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Published May 24, 2011, 12:19 AM

MN Lawmakers Head to OT With No Budget Deal

The Minnesota Legislature adjourned its regular session late Monday with no sense of finality and no budget deal with Gov. Mark Dayton, forcing lawmakers to leave town and await the governor's call to return for a special session to solve a $5 billion deficit.

By: Martiga Lohn, Associated Press

ST. PAUL, Minn. (AP) — The Minnesota Legislature adjourned its regular session late Monday with no sense of finality and no budget deal with Gov. Mark Dayton, forcing lawmakers to leave town and await the governor's call to return for a special session to solve a $5 billion deficit.

Failure to pass a budget by the end of June would force a state government shutdown at the start of the July Fourth holiday weekend. Without a new budget, appropriations for most of what the state does would stop July 1 — including the operation of state parks and highway rest stops.

A stubborn dispute over taxes and spending kept the session in a holding pattern in recent weeks. Dayton gave no immediate indication of when he would call a special session, and has said it likely wouldn't be until after he and GOP lawmakers reach a budget deal.

The House and Senate adjourned in Monday's final minutes, to reach their constitutional deadline at midnight. But all sense of urgency was drained from the session's final hours, which lawmakers spent debating issues including civil lawsuits and the distribution of dedicated funds to outdoors and cultural programs. Dayton and GOP leaders had not met to talk about the budget since Sunday afternoon.

Dayton, a Democrat, dampened the mood earlier in the day by saying he doesn't intend to begin vetoing the Republicans' budget bills before Tuesday. Legislative leaders held out hope he would sign the bills or veto them quickly so they could send him do-over versions.

"This is a shared failure on all our parts, the Legislature's and mine, that we can't reach resolution," Dayton told Capitol reporters. The basic dynamic is unchanged since the early January start of session: Dayton wants new, high-end income taxes as part of the deficit fix, while Republicans insist the state has enough money.

Republican lawmakers gathered outside Dayton's office three hours before midnight to demand one last time that he sign their budget bills. At the same time, hundreds of state employee union members rallied in the nearby rotunda, chanting "tax the rich" and "we want to work."

Outside Dayton's office, Senate Majority Leader Amy Koch acknowledged the likelihood of a special session when she forecast what would happen if the deadline passed without a deal.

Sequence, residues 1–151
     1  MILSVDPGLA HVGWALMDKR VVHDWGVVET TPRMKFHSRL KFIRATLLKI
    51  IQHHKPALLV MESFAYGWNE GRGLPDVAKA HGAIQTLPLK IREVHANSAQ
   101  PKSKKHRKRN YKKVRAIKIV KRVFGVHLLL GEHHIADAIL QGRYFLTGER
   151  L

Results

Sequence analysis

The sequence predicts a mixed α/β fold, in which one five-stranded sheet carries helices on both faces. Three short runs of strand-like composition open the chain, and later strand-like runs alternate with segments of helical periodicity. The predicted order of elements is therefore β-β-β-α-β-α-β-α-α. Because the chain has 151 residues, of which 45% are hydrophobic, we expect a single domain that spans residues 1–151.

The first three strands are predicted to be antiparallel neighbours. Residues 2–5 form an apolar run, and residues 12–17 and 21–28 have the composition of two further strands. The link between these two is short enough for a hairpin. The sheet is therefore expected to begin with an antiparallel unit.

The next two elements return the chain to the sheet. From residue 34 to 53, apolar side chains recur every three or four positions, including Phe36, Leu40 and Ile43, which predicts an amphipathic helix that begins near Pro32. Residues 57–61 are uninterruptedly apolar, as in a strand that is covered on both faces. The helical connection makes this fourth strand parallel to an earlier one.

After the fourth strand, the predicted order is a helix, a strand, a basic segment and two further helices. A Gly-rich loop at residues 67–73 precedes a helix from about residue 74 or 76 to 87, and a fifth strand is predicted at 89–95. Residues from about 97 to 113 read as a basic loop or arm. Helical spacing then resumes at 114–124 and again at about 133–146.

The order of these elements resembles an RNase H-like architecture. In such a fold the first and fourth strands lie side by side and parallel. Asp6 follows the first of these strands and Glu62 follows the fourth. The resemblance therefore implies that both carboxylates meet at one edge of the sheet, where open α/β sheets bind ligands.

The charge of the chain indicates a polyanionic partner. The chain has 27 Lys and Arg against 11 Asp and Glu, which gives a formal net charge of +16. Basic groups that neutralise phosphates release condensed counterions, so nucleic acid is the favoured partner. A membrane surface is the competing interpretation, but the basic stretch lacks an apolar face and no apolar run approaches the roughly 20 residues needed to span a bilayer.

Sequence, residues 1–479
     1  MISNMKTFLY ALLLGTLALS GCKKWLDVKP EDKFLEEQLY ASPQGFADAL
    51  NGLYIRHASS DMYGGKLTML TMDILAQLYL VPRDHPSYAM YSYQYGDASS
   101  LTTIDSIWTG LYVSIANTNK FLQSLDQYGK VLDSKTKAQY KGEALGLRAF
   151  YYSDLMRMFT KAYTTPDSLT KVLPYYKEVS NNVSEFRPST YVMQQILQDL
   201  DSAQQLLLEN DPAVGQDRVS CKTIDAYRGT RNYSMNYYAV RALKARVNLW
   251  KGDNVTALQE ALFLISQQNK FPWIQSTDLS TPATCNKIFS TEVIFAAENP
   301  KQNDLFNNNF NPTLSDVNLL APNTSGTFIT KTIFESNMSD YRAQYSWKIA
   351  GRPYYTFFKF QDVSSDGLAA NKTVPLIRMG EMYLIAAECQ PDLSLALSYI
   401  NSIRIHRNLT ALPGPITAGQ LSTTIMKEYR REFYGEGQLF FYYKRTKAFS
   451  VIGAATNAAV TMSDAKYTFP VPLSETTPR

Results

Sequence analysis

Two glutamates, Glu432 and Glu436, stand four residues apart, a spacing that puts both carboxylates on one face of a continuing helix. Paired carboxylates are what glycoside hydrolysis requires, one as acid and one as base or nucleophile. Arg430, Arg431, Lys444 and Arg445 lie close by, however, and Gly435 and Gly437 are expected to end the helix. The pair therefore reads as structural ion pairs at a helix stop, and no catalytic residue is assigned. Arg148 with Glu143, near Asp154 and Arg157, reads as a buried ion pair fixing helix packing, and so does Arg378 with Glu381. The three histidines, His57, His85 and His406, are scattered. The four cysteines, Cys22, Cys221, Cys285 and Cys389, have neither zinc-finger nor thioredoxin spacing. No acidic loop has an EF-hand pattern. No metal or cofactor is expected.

"We will continue the conversation with the governor," said Koch, R-Buffalo.

The only piece of the state budget enacted so far is a slender $76 million package for farm programs, which Dayton signed last month.

Dayton said he hadn't considered whether he would call lawmakers back to St. Paul before or after a shutdown started, if there's no budget agreement beforehand.

Dayton insists he moved toward Republicans a week ago when he reduced his proposal for new taxes by about half to $1.8 billion, raised mainly from a new tax bracket for the top 2 percent of incomes. GOP lawmakers said they already compromised within their ranks by agreeing to spend $34 billion, the amount the state is projected to collect in the next two years, even though some wanted a smaller number.

"I would have preferred to spend a little bit less, yes," said Rep. Doug Wardlow, a first-term Republican from Eagan. "We have moved in the direction of the governor significantly — substantially."

The governor continued a series of private meetings with legislative sponsors of the spending bills and the tax bill.

House Taxes Committee Chairman Greg Davids said his meeting Monday was "substantive" but didn't lead to any breakthroughs on the larger disagreement. He said Dayton's tax plan doesn't have the votes to pass the Legislature.

"He can't get the 68 votes. I know he can count to 68, but he can't get there," said Davids, R-Preston, referring to the number of votes to pass a bill in the House.

Dayton said he is open to alternative ways to bring new revenue into the state budget.

"But nothing that's been proposed here in the last five months has come even close to raising that kind of money," he said, referring to the $1.5 billion his proposed 10.95 percent income tax bracket would bring in over two years.

A minor flap over religion developed when Democratic Senate Minority Leader Tom Bakk used the word "cult" in describing the new Republican majorities. It demonstrated the frustration and tempers that often arise in the final hours of a legislative session.

"Their principles are so burned into their soul that it's almost like a religion, like a cult," Bakk, DFL-Cook, told reporters. "You can't compromise on that. And I think that's problematic for the Legislature going forward."

Two Republican senators responded in a hastily arranged news conference, where Sen. Dave Thompson called the comment "bizarre" and "unhelpful."

"I am not ashamed of the fact that I want to maintain fiscal discipline for the citizens of the state of Minnesota," said Thompson, a first-term Republican from Lakeville.

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Associated Press reporter Patrick Condon contributed to this report.

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